High-Protein Diets Cause Dehydration
April 22, 2002 -- Even super-fit endurance athletes can become dangerously dehydrated while adhering to popular high-protein diets, new research shows.
Researchers presented their findings today at the Experimental Biology meeting in New Orleans.
William Forrest Martin, graduate student in the department of nutritional sciences at the University of Connecticut, and colleagues watched what happened to trained athletes when they consumed diets containing low, medium, and high levels of protein.
Based on a 150-pound person, the diets contained 68 grams, 123 grams, and 246 grams of protein, respectively, and were adjusted for each athlete. The athletes remained at each protein level for four weeks.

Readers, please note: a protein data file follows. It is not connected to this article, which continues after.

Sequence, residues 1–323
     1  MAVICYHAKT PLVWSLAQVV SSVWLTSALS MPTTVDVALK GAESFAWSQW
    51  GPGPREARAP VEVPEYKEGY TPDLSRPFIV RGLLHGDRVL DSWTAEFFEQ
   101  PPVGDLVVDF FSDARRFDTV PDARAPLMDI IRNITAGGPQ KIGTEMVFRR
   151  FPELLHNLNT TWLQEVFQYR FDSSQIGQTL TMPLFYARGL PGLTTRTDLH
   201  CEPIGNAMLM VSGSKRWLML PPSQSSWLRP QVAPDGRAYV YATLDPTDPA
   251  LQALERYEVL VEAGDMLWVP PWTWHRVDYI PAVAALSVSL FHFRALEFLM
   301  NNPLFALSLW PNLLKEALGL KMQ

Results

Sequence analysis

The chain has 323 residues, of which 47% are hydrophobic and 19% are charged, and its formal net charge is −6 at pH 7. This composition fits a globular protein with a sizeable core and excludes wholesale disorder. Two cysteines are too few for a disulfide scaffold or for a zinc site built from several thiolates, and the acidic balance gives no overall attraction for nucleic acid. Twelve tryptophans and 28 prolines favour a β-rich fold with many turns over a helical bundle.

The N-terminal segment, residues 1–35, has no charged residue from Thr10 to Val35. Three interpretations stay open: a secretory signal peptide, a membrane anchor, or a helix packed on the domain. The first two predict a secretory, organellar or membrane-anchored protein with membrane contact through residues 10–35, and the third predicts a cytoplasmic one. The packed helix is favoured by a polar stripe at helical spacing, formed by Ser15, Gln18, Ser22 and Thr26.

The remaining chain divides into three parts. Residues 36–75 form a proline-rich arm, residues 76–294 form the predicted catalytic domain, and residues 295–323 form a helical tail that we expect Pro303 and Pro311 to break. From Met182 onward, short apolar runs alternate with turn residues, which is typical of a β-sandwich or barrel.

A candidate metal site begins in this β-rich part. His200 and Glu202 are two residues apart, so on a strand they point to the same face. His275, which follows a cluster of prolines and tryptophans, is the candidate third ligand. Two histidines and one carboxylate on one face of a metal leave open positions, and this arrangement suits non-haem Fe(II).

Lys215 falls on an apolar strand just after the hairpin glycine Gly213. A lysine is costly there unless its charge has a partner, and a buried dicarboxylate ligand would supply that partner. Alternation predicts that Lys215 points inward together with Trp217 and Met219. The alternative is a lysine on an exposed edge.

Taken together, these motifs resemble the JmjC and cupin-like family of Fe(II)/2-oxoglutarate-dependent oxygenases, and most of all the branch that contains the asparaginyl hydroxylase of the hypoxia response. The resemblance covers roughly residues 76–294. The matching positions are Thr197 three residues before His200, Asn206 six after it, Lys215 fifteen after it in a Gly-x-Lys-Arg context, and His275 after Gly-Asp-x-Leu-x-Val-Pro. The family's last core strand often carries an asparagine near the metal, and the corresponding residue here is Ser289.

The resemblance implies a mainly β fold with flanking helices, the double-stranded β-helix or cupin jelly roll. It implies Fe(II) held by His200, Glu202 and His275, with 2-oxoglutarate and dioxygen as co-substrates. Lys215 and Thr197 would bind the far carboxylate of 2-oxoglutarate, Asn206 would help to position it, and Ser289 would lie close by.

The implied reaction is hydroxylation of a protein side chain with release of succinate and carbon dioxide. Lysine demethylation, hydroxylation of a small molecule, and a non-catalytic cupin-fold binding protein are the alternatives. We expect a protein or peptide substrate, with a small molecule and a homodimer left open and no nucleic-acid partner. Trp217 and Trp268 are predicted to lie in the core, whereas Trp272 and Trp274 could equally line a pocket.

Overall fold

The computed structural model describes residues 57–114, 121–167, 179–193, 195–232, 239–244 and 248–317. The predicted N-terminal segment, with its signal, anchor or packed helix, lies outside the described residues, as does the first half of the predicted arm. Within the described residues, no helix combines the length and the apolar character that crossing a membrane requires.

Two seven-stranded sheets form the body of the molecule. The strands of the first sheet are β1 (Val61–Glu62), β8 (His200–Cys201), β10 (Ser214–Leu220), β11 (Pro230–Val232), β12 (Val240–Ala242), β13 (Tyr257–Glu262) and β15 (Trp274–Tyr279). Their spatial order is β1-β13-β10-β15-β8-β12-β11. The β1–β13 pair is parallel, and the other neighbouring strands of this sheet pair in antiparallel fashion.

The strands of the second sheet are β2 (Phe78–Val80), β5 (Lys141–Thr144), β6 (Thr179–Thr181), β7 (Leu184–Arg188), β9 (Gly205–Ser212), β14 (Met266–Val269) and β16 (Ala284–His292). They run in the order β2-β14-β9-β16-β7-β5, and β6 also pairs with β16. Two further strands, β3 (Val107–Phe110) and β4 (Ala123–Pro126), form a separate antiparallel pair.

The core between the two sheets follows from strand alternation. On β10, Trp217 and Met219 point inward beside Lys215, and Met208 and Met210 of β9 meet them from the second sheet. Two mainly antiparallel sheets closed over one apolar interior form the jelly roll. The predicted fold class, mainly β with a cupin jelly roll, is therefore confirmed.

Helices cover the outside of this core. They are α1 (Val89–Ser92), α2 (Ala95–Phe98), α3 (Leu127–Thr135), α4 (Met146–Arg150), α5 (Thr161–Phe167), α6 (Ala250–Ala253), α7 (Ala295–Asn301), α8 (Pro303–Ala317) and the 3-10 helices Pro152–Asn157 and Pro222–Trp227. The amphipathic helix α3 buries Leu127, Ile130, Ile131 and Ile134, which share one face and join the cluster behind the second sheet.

The researchers tested each athlete periodically for blood urea nitrogen, a measure of proper kidney function that also indicates how well someone is hydrated.
Although all the athletes drank about the same amount of fluids, their hydration level went down significantly as their protein intake went up.
What this all means, the researchers say, is that athletes and regular folk alike should drink plenty of water when they're eating a lot of protein, whether or not they feel thirsty. In fact, most of us could all do with a few more glasses of water each day, they say. Even slight dehydration increases the likelihood of heat illness and other disorders and impairs cardiovascular function.